Strickland a

Strickland b

Strickland then, and now.


A lawyer has set up a fundraiser for a man in the US who served almost 43 years in jail, for a triple murder that he did not commit. 

Kevin Strickland, now 62, was sentenced to life imprisonment by a Missouri court, having been wrongly arrested for the crime when he was aged 18.

Strickland was found guilty of murders at a home in Kansas City in April 1978. Assailants shot three people dead inside the home. A fourth victim, Cynthia Douglas, escaped after pretending to be dead. Douglas identified Strickland as one of the murderers in a police line-up, but later said she had been pressured by the police into picking him.

However, no physical evidence linked Strickland to the crime scene, and prints on the shotgun were not his. Strickland said he had been at home watching TV at the time, and always maintained his innocence. 

Many years later, Douglas wanted to recant her testimony and said that "things were not clear back then, but now I know more and would like to help this person if I can." However, she died before she could formally recant her testimony. Douglas' mother, sister and daughter all testified in court that Douglas picked "the wrong guy".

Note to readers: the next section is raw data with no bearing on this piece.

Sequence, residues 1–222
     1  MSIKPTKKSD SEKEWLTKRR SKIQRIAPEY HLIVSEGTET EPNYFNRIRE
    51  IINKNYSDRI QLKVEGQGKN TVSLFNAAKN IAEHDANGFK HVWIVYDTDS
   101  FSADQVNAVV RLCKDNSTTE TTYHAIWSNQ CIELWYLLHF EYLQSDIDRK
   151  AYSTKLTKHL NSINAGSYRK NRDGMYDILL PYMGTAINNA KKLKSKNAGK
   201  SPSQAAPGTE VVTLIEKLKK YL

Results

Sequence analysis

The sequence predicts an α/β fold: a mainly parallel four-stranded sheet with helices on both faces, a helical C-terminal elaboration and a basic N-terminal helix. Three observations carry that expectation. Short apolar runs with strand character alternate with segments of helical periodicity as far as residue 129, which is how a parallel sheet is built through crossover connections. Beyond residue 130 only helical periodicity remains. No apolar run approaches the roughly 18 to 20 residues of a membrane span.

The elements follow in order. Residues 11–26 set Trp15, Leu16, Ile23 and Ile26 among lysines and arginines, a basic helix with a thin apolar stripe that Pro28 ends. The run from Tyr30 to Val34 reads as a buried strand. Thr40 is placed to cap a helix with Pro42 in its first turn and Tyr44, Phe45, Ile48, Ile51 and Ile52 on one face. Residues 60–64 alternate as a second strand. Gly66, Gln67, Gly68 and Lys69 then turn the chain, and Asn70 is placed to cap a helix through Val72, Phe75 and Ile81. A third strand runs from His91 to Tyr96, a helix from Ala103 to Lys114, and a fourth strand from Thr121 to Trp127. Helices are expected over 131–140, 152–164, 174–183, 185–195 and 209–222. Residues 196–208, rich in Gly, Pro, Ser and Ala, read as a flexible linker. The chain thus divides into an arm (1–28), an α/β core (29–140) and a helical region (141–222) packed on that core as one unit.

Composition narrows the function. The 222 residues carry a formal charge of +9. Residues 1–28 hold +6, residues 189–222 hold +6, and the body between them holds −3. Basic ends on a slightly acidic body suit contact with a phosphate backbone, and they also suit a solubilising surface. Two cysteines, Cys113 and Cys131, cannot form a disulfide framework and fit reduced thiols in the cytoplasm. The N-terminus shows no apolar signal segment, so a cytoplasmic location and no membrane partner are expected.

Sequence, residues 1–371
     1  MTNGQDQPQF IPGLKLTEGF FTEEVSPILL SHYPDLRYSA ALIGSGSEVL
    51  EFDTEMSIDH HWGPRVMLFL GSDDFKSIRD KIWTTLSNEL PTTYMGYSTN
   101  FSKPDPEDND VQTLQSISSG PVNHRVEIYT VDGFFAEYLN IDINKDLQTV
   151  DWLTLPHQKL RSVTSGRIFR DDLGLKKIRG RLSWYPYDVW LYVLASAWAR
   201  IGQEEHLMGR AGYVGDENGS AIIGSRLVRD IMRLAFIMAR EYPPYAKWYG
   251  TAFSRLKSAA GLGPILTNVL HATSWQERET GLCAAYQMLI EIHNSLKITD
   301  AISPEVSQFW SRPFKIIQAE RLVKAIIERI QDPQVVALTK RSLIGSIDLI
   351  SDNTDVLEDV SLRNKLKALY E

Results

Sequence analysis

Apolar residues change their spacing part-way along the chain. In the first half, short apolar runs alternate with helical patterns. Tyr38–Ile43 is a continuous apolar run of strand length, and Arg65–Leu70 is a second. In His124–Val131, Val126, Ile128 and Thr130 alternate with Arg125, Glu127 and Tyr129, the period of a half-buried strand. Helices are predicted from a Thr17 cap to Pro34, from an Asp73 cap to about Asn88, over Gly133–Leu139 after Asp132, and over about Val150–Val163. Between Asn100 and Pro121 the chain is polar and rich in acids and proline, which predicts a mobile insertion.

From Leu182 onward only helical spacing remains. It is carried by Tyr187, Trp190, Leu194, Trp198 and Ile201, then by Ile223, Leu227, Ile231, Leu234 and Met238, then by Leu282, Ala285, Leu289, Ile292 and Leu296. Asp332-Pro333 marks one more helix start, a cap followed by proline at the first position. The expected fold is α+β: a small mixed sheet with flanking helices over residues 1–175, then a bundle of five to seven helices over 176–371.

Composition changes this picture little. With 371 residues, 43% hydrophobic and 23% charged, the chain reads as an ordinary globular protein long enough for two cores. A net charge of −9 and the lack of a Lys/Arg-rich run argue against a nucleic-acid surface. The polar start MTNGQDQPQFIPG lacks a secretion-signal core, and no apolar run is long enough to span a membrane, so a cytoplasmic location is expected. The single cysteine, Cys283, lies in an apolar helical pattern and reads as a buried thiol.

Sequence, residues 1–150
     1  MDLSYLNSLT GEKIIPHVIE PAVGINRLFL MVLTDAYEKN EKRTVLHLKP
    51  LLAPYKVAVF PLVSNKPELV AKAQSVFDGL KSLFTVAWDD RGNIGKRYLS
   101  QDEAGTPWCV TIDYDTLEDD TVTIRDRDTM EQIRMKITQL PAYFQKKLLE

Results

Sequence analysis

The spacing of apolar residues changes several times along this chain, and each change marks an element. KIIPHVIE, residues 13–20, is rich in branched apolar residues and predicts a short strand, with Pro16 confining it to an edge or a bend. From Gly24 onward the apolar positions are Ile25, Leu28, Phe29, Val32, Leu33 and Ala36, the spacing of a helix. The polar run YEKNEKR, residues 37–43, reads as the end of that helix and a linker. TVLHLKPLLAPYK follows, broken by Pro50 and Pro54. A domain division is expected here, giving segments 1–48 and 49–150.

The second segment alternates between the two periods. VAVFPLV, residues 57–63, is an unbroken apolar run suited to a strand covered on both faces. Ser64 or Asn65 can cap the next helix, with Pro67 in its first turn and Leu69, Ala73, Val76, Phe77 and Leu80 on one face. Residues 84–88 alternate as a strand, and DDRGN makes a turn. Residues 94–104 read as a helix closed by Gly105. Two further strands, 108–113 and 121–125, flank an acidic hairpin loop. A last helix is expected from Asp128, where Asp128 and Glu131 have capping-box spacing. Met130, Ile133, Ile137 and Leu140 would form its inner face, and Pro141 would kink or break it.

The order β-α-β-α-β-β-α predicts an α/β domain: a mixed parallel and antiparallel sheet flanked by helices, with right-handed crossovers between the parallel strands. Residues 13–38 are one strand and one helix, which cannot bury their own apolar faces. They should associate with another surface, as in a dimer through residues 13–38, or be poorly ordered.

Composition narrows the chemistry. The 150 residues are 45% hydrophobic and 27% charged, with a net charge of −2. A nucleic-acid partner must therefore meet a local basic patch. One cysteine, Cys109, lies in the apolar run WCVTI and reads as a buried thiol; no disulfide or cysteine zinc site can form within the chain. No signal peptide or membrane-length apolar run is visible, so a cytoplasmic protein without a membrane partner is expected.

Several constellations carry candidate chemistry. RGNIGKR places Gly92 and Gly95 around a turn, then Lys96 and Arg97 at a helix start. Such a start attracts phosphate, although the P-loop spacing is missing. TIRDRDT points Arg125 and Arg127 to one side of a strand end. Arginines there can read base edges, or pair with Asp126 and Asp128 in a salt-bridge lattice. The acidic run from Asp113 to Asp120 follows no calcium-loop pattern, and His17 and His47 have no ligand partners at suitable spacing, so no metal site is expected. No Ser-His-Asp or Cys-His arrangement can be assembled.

At the first trial in 1979, there was a hung jury, as one black juror held out for Strickland's acquittal. But at the second trial, an all-white jury found Strickland guilty of murder.

Strickland's conviction has now been reviewed, and under a new law in Missouri, he was exonerated and released on Tuesday after serving 15,487 days behind bars. 

Strickland's lawyer, Tricia Rojo Bushnell, who specialises in wrongful convictions, has helped set up a GoFundMe page for Strickland. Bushnell has highlighted that Strickland will not receive compensation from the state, and he has no savings or ability to show work history for social security entitlements. 

When Strickland was freed, he told reporters that he was “thankful for God walking me through this for 43 years”.

“I’m not necessarily angry,” he added. “It’s a lot. I think I’ve created emotions that you all don’t know about just yet. Joy, sorrow, fear. I am trying to figure out how to put them together.” He said he would like to get involved in any projects to “keep this from happening to someone else” and that the US criminal justice system “needs to be torn down and redone”.

The GoFundMe page, which currently stands at just over $1.7m, is here.


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